Michael Phelps, Aging & an Athletic Legend

Jack LaLanne and Michael Phelps

Yes…Michael Phelps is a phenom. Yes. Michael Phelps has recently made Olympic History by winning an unprecedented 8 Gold Medals. Go U-S-A! As a health & fitness professional, I can appreciate the performance feats, but I also appreciate regard for long-term health and wellness. And, from our last blog on Phelps’ diet, most can clearly see a lot of food and calories, but a real lack of quality. We dared to ask the question, ‘Could he possibly perform any better than he did if he had eaten better foods?’

We believe so! We also dared to compare the feats of Michael Phelps with an individual that has had an equally remarkable performance record, yet has also been able to keep himself at peak health and inspire millions for decades.

“Who is this amazing person?,” you ask. He certainly needs no introduction…

Jack LaLanne – Amazing!

Jack LaLanne is America’s Number 1 Physical Fitness Expert and Guru, and is often called the “Godfather of Fitness”. The 93-year-old LaLanne admits it was not always this way. “As a kid,” he flatly states, “I was a sugarholic and a junk food junkie! It made me weak and it made me mean. It made me so sick I had boils, pimples and suffered from nearsightedness. Little girls used to beat me up. My mom prayed… the Church prayed.”

It was at the age of 15, when he heard pioneer nutritionist Paul Bragg speak at the Oakland City Women’s Club in San Francisco Bay Area, Jack finally realized that he was addicted to sugar. Bragg promised Jack if he would exercise and eat a proper diet he could regain good health. Jack listened attentively and was fiercely determined to walk away from that lecture ready to build a totally new Jack LaLanne.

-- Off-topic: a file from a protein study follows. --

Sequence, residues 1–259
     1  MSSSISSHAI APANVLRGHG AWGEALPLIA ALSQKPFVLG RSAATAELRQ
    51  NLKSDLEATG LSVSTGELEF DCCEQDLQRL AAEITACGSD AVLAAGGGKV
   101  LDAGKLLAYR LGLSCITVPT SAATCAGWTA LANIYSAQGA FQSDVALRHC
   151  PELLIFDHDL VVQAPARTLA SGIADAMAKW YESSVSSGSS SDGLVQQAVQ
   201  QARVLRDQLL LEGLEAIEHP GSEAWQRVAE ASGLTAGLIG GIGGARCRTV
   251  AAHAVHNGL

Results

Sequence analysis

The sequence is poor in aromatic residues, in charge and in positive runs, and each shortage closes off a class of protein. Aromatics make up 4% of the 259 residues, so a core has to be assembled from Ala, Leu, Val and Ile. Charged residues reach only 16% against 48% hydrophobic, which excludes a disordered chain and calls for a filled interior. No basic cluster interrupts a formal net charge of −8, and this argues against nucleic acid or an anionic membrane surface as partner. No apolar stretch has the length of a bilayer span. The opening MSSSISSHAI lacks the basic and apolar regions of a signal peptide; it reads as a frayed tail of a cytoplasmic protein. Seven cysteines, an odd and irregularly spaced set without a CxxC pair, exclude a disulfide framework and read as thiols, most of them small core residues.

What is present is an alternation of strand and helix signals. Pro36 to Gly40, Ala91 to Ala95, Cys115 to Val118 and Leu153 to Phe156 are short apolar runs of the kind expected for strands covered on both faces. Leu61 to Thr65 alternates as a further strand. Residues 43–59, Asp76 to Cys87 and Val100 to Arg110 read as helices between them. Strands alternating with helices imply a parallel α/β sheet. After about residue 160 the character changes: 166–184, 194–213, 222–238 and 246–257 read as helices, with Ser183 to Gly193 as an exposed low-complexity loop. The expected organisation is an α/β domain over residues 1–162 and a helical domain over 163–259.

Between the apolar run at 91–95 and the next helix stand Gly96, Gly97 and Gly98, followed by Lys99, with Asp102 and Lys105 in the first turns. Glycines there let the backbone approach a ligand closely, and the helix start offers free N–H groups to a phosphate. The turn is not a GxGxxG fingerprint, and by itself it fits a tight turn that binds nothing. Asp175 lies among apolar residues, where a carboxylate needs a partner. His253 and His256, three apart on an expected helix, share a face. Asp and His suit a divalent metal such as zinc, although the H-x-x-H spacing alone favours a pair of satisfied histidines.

Zach M. found success with the Transformation Team

Age is no limitation for Jack LaLanne . . .

For those of you that may initially scoff that LaLanne’s performance achievements in comparison to Phelps’, lets take a look at his laundry list of accomplishments while noting his corresponding age:

1954 Age 40:
Swam the length of the San Francisco Golden Gate Bridge underwater with 140 pounds of equipment, including two air tanks… an undisputed world record.
1955 Age 41:
Swam, handcuffed, from Alcatraz to Fisherman’s Wharf in San Francisco, CA.
1956 Age 42:
Set a world record of 1,033 pushups in 23 minutes on “You Asked for It, a TV Show with Art Baker.
1957 Age 43:
Swam the treacherous Golden Gate Channel, towing a 2,500-pound cabin cruiser. This involved fighting the cold, swift ocean currents that made the 1 mile swim a 6 ½ mile test of strength and endurance.
1958 Age 44:
Maneuvered a paddleboard 30 miles, 9-½ hours non-stop from Farallon Islands to the San Francisco shore.
1959 Age 45:
Completed 1,000 pushups and 1,000 chin-ups in 1 hours and 22 minutes. “Happy” is born and The Jack LaLanne Show goes nationwide.
1974 Age 60:
Swam from Alcatraz Island to Fisherman’s Wharf, for a second time handcuffed, shackled and towing a 1,000-pound boat.
1975 Age 61:
Swam the length of the Golden Gate Bridge, underwater, for a second time handcuffed, shackled and towing a 1,000-pound boat.
1976 Age 62:
Commemorating the “Spirit of ’76”, swam 1 mile in Long Beach Harbor, handcuffed, shackled and towing 13 boats (representing the 13 original colonies) containing 76 people.
1979 Age 65:
Towed 65 boats filled with 6,500-pounds of Lousiana Pacific wood pulp while handcuffed and shackled in Lake Ashinoko, near Tokyo, Japan.
1980 Age 66:
Towed 10 boats in North Miami, Florida filled with 77 people for over a mile in less than 1 hour.
1984 Age 70:
Handcuffed, shackled and fighting strong winds and currents, towed 70 boats with 70 people from the Queen’s Way Bridge in the Long Beach Harbor to the Queen Mary, 1 ½ miles.

Jack LaLanne believes in daily, vigorous, systematic exercise and proper diet. “My top priority in life is my workout each day.” Jack exercises 2 hours each day: 1 hour of strength training, followed by 1 hour of swimming. He lives by what he says to others, and has been doing it for over 75 years. Much of what Jack LaLanne has advocated through his teaching and beliefs has become common knowledge today. Today’s doctors and fitness experts all acknowledge daily systematic and proper diet as the principle keys to a longer healthier life.

In our next blog, we discuss how we “ordinary mortals” can learn, benefit and apply Jack’s healthy life practices, eating and exercise to our own.

Read Part 1 of this article.

Read Part 3 of this article.